Ruttmann later worked for Leni Riefenstahl, and of course both of them saw this city on the Spree disappear some short 15 years later under a blanket of Allied bombs.  Cities, it would seem, have bodies, and souls too.

Wednesday, February 5, 2014

"It's the future!"

I'm not a gear-head.  Really.  The roar of an internal combustion engine doesn't quicken my pulse or dilate my eyeballs.  I'm not in need of that substitute for coffee? booze? sex?  Sure, cars are fun, and some are beautiful, but the need for power recedes as age proceeds, and besides, smart phones are actually cooler.

Nevertheless, a recent ride in a Tesla Model S did get my head to swivel a little.  The fully electric high-end sedan by the California-based car maker is nothing short of a revolution.  It's the advent of something new that is only just beginning.  As it turns out, we owe American ingenuity in this field to yet another first generation immigrant.

At times like these, I retreat to my iPad (don't they have interesting batteries too!) and look on YouTube.  There, I find comfort in videos where British gear-heads scream like children about cars.

As I watch, I conclude that being a journalist for the site "Autocar UK" has got to be one of the great jobs ever, presumably with a job description that reads something like: drive the world's most innovative, interesting and fastest cars and then talk into a video camera for ten minutes about the experience.  Well, Autocar's Steve Sutcliffe does just that about the Model S, and his verdict: "This is the future!"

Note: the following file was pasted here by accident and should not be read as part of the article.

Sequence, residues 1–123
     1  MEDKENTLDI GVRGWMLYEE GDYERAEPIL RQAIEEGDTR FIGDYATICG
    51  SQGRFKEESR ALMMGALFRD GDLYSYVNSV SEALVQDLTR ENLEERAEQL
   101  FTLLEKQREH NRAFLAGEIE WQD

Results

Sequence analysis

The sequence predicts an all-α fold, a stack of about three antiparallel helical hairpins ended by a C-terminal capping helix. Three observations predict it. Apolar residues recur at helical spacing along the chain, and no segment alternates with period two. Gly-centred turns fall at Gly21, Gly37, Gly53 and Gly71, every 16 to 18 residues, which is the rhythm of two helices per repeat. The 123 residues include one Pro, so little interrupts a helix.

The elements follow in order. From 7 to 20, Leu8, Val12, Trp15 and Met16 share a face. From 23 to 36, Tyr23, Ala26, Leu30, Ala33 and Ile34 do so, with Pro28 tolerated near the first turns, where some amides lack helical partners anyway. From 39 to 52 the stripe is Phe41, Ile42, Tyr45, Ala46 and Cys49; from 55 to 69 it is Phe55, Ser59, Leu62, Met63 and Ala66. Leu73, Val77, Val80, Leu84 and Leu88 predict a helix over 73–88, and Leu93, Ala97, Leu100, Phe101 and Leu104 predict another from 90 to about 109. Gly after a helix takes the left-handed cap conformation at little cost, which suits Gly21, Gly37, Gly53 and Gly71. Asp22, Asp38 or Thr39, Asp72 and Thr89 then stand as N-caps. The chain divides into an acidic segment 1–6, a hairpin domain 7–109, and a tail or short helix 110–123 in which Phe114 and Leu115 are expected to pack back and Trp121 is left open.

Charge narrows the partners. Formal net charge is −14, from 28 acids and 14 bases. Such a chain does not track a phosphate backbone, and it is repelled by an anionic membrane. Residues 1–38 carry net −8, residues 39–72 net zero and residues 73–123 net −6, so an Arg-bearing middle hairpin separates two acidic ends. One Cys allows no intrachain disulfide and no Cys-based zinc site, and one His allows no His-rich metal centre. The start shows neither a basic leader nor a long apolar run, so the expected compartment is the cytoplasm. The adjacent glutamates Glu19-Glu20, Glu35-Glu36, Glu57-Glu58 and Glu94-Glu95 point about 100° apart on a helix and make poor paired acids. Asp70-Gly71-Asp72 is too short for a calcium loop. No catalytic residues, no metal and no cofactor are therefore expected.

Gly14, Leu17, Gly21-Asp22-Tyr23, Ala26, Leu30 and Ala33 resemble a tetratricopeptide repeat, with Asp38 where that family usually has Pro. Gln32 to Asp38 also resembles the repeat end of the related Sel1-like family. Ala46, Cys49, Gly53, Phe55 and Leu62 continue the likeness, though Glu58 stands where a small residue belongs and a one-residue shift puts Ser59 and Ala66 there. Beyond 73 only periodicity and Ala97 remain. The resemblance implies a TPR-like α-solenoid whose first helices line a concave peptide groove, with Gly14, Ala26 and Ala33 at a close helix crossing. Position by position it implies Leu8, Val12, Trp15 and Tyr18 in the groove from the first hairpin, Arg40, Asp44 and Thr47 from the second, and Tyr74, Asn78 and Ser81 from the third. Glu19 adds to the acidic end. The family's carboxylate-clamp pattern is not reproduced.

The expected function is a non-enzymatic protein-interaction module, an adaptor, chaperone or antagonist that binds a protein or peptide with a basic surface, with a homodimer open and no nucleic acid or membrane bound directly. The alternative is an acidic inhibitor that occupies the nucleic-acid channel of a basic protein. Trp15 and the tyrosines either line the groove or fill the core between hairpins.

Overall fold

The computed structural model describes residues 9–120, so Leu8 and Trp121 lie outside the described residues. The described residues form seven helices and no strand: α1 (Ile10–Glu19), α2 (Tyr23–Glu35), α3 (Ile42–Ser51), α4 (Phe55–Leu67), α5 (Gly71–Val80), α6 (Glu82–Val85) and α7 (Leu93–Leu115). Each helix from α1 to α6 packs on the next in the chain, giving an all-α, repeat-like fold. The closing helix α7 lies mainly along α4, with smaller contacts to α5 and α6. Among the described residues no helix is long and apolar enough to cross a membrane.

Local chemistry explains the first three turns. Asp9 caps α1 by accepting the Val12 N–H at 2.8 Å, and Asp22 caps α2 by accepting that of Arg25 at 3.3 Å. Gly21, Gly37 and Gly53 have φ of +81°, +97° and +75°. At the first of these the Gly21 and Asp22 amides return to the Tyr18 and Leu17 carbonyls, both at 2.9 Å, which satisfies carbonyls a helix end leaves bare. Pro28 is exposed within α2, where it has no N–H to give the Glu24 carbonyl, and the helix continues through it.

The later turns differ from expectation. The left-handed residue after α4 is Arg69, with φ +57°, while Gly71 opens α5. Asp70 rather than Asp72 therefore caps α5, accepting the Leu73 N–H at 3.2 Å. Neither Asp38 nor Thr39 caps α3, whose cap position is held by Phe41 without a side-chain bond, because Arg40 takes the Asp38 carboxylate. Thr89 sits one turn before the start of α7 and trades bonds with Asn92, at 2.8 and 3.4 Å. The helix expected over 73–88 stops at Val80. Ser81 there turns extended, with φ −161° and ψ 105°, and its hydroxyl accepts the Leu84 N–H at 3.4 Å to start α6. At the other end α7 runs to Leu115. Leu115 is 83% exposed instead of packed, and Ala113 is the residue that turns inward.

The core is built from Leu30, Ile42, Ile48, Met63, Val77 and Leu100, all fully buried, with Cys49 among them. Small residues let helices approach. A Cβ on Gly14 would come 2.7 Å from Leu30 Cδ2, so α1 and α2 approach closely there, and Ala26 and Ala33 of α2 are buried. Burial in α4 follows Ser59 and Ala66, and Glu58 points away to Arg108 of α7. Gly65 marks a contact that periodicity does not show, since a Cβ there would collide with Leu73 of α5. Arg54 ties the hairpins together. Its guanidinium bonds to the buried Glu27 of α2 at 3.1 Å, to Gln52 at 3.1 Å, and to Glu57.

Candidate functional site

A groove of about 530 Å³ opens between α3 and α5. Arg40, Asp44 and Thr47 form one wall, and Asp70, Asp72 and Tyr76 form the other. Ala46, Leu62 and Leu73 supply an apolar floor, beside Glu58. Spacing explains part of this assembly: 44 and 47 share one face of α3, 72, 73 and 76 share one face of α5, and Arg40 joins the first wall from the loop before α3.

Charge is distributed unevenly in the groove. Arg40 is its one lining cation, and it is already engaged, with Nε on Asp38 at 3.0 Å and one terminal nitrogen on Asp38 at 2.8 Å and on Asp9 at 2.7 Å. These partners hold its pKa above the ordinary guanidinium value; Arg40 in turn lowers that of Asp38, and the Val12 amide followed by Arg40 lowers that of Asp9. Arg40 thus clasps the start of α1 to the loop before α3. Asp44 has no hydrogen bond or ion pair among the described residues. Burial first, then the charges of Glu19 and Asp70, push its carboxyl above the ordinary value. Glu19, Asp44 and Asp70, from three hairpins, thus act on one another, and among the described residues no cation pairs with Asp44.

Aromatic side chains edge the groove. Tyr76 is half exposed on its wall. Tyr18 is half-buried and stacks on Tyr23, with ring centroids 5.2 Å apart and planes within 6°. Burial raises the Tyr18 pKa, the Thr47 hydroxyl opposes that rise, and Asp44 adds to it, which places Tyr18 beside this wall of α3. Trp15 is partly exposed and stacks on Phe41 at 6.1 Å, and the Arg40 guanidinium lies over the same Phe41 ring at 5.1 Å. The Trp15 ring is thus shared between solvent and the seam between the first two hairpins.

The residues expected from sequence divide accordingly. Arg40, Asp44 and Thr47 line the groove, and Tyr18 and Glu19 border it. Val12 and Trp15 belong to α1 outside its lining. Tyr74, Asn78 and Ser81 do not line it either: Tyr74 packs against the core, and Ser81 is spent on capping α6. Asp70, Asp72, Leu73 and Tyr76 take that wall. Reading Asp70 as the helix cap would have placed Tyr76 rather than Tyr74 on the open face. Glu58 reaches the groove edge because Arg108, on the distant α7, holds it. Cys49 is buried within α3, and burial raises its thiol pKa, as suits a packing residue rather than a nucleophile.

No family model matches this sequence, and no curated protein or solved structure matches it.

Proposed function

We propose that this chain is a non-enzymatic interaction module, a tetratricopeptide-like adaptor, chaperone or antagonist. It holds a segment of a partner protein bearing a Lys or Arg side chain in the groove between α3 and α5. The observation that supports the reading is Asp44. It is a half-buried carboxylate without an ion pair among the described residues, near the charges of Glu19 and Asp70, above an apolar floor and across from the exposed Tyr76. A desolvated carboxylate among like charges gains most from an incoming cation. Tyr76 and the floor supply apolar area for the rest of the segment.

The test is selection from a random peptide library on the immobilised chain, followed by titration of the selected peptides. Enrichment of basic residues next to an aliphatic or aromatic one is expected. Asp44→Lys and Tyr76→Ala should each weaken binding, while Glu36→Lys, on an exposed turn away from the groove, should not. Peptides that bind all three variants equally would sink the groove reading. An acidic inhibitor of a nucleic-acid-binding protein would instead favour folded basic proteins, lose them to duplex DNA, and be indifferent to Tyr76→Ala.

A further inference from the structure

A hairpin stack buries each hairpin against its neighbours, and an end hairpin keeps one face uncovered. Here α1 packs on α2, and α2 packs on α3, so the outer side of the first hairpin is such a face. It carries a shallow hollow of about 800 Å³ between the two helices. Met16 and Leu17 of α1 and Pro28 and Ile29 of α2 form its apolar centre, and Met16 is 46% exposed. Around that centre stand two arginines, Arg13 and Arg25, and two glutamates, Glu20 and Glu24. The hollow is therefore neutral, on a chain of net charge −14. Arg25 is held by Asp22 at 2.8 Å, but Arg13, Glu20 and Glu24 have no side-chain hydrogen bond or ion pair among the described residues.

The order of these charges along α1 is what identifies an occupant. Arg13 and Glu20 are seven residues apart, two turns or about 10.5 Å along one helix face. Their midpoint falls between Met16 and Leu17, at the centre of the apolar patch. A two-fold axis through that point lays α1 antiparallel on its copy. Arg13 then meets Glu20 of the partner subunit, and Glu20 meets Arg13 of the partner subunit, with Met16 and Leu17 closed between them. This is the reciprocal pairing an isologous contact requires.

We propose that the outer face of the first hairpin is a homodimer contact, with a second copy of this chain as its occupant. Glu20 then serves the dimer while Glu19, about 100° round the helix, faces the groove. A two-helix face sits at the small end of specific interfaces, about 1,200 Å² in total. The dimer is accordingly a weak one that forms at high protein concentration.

Since these kinds of things can be addictive, I seek out more videos.  Former Autocar guy Chris Harris now has his own site where he does much the same thing as Sutcliffe, reviewing really fast, really exotic cars.  His site is called "Drive" and there, after a quick search, I find him in a very special car.  The car he's describing isn't just any old electric car.  It sits at the front edge of human terrestrial motion.  His review can properly be called "a rave" because raving actually describes what he's doing.

British race car driver Paul Drayson, also known as Lord Drayson, took a gas-powered Lola to LeMans and raced it.  He came in third.  He then stripped out all its combustion components and replaced them with electric motors and batteries.  The resulting car goes well in excess of 200 mph in a straight line and emits zero CO2.  It also doesn't make your eyeballs dilate.  At least that wasn't what Chris Harris noticed.  What Harris did notice, however, was that this car made his eyeballs bobble around in their sockets, so great was the speed he achieved on the test track -- which actually turned out to be an abandoned airstrip.  His verdict of this car: "It's the future!"

Like two pioneers into some unknown land, these two adventurers have traveled into the future, our future, and returned to tell us the tale.